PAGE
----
Kurt Vile & The Violators entered the stage to a very warm welcome which they ever so humbly and sweetly accepted and went straight into the marvellously and ice-breaking “Loading Zones” of the new album. (If only the sound had been better…) Expert musicianship delivered all the way through the shortish set by Kurt Vile, Jesse Trbovich (bass, guitar, saxophone), Rob Laakso (guitar, bass) and Kyle Spence (drums), managing to unify the kids, the youngsters and the older generation in their appreciation. A large proportion of the new album was played, interspersed with some classics like “KV Crimes” and “A Girl Called Alex” from earlier albums. I was missing a couple of my personal favourites that might have pumped the lagging middle part of the concert a bit such as “Wheelhouse” but then again that might have to do with the fact that I was in the back at that time and the vibes did not catch on so much there. Then again, you can’t please everyone with a back catalogue like that. Many, many people in the audience had never heard Kurt Vile before his single “Loading Zones” off the new album but I always feel happy that other music lovers find older styles like folk and americana or blues to discover via a totally different angle. Happened to me too and Kurt Vile played a great part in that.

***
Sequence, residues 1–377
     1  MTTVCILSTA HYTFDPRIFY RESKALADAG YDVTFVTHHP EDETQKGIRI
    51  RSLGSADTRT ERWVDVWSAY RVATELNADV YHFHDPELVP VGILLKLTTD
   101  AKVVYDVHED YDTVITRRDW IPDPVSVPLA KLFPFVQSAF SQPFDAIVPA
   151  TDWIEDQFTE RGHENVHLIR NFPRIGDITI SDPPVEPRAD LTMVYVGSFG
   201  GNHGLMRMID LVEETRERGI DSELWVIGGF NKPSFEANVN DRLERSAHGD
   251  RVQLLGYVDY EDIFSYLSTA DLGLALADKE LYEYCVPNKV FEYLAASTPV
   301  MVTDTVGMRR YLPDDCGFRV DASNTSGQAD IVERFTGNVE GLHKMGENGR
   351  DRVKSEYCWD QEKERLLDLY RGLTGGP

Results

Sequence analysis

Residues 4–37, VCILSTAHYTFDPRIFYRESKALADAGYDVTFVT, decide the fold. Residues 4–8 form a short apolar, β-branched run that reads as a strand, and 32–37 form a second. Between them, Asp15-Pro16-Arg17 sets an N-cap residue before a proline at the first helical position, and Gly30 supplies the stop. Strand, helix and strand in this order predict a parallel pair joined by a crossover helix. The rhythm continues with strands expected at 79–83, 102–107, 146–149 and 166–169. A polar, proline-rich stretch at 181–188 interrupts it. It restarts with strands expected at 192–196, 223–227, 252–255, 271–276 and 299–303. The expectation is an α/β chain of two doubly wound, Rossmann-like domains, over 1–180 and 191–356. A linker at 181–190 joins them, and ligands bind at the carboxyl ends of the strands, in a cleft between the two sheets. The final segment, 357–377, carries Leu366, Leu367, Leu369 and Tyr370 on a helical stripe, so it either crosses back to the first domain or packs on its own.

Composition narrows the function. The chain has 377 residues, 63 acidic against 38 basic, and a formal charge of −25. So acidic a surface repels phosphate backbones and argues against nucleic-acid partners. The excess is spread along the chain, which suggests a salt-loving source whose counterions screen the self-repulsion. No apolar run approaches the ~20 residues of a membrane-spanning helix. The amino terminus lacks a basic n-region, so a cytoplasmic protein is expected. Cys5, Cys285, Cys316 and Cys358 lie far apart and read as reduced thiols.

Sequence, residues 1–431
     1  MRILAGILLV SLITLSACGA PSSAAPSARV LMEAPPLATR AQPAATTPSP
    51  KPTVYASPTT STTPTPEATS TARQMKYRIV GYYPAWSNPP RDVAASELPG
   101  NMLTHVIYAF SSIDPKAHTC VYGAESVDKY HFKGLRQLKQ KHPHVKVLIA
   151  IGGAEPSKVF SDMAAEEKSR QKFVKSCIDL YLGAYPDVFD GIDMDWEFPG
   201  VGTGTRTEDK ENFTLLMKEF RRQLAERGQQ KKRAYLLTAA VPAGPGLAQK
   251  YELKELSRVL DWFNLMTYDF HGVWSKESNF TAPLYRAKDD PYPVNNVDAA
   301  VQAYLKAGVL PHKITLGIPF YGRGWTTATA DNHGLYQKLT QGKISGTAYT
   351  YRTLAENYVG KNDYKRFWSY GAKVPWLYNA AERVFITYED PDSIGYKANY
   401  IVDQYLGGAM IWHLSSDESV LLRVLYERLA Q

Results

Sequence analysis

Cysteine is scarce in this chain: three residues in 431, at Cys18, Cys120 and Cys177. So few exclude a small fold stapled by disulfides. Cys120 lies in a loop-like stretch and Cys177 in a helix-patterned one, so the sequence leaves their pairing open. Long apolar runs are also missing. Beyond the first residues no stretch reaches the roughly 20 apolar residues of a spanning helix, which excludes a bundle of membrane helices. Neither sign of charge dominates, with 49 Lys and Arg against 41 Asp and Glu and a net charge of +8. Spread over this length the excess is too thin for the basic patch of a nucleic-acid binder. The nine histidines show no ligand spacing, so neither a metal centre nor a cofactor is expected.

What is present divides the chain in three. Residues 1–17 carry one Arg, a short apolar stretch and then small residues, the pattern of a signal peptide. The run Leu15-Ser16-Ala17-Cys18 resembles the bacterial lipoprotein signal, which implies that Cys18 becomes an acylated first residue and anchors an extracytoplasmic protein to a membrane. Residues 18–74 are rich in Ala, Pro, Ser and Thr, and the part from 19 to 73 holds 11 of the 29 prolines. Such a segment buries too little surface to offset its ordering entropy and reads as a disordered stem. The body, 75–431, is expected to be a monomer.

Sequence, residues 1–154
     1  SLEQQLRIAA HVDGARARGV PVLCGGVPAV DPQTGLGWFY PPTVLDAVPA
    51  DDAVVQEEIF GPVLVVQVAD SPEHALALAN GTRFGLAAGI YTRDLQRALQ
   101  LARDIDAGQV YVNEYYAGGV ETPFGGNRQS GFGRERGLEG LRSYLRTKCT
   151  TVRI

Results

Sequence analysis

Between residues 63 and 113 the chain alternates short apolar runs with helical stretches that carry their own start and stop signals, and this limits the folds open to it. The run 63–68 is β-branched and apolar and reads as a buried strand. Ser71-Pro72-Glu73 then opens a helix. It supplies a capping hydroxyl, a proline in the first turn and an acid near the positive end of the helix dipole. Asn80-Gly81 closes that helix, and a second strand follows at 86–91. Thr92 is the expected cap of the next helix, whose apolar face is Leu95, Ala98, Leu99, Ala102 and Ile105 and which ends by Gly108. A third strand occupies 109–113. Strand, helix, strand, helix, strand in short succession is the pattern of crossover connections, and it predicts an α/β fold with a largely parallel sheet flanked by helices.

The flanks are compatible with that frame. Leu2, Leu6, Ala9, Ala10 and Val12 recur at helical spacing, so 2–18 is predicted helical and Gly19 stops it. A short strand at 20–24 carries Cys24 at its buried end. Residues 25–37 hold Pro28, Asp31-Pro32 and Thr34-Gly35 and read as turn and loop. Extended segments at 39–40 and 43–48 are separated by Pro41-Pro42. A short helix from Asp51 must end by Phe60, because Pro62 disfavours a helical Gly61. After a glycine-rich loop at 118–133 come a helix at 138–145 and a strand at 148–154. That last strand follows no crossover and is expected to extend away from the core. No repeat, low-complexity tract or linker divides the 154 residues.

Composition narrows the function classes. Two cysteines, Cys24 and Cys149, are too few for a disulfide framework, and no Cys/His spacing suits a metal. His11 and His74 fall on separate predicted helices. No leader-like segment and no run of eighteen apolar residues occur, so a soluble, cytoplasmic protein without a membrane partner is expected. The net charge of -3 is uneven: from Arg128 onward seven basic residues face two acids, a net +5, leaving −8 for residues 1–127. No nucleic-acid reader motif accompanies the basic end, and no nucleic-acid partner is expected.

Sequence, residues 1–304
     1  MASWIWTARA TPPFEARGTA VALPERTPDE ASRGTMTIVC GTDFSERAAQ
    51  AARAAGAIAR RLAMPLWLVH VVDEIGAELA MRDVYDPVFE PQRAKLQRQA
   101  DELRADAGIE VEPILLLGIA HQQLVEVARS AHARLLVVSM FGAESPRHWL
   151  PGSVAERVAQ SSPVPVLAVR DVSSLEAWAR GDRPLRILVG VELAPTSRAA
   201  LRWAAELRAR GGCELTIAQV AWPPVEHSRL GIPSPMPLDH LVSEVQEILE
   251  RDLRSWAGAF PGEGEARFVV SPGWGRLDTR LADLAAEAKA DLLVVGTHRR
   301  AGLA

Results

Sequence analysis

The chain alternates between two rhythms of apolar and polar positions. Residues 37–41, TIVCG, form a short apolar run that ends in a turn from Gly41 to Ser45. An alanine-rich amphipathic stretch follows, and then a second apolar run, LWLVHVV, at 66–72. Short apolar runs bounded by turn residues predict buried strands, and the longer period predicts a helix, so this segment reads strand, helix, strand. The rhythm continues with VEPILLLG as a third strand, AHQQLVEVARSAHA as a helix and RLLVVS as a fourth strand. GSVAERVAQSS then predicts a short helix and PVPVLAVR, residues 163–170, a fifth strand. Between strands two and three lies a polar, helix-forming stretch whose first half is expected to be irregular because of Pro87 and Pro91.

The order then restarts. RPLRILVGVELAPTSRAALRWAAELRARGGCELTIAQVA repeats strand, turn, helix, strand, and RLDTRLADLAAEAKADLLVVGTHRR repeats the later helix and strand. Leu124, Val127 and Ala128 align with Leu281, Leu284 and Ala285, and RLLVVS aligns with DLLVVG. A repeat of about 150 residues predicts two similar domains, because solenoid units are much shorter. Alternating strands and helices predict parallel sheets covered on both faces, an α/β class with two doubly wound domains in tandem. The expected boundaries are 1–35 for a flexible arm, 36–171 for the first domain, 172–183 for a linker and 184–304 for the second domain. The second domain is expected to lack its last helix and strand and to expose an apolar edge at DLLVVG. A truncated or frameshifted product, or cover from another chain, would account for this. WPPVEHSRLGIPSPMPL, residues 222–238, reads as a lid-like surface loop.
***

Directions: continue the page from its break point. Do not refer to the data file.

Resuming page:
Are there any gobsmacking going-ons on stage? No, of course not. Kurt does not even say that much in between songs, being busy with getting yet another guitar or the banjo or the acoustic ready for the next song and that is perfectly fine with me. (Kurt Vile’s guitar rack made me cry with envy almost but then again, unlike him, I would not even deserve them half as much as him).